Seduction: A Novel of Suspense

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To Christopher Gortner, who helped me find this novel’s soul.

And to Liz Berry, who helped me find its heart.

There are thoughts which are prayers. There are moments when, whatever the posture of the body, the soul is on its knees.


OCTOBER 30, 1855

Every story begins with a tremble of anticipation. At the start we may have an idea of our point of arrival, but what lies before us and makes us shudder is the journey, for that is all discovery. This strange and curious story begins for me at the sea. Its sound and scent are my punctuation. Its movements are my verbs. As I write this, angry waves break upon the rocks, and when the water recedes, the rocks seem to be weeping. As if nature is expressing what is in my soul. Expressing what I cannot speak of out loud but can only write, here, in secret, for you, Fantine.

This is the story of a lost man. An exile not just from his beloved country but also from his sanity. I believe it to be a true and honest account. Whether or not you will, I know not. But I owe you this effort—to try to explain my actions and myself and how what transpired came to be.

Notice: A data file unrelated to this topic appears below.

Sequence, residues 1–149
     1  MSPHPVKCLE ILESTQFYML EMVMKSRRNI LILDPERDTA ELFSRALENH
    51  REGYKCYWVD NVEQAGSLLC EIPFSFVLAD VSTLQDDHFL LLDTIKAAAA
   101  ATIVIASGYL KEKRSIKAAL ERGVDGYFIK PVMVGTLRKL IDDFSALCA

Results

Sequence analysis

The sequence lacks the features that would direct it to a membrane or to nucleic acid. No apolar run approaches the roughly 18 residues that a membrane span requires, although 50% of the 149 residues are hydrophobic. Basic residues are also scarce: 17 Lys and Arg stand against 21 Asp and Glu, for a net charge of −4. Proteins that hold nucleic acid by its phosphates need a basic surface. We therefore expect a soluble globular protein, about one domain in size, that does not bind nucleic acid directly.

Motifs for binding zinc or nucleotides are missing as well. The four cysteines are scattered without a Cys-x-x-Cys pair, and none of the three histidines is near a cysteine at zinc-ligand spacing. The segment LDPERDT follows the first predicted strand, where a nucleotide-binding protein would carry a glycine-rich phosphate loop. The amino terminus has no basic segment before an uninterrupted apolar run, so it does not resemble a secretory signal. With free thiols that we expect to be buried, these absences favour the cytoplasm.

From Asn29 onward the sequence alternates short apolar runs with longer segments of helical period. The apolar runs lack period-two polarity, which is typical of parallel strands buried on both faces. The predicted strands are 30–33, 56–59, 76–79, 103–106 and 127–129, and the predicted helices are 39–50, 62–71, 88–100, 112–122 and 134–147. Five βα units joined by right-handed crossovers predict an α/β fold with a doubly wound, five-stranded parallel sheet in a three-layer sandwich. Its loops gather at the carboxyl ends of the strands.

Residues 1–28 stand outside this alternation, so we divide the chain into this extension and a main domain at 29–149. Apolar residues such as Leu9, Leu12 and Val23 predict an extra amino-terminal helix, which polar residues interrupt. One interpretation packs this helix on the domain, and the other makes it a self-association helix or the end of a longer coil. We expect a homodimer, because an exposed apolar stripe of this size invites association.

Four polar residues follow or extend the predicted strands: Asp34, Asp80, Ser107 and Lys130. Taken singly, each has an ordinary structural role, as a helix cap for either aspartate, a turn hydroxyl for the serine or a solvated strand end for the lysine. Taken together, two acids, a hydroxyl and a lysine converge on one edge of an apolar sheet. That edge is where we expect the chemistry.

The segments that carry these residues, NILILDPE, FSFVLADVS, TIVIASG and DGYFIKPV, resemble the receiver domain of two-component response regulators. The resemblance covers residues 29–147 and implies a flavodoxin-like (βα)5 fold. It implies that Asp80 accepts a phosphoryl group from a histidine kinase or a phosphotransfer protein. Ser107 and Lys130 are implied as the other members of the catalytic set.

This story begins in the south of France in early September of 1843. The first scene, as fate would have it, set against the sea.

I had been on a monthlong holiday with my mistress, whom you know of course as Juliette D. We had been traveling for three weeks when we reached the Island of Oléron. The weather was oppressively hot without breeze or relief.

“So this is what living in hell must be like,” I said as we rode to our hotel. Ah, but I had no idea how portentous those words were.

Everywhere we went the talk was about the monstrous weather and the mystifying plague that had stolen the lives of dozens of children. Even my beloved bay offered nothing pleasant for once. There were no invigorating sea breezes, no birdsong. As I walked the salt marshes, forced to step in seaweed to avoid the mud, only the distant voices of the convicts, one after another, as they were counted in for the evening kept me company.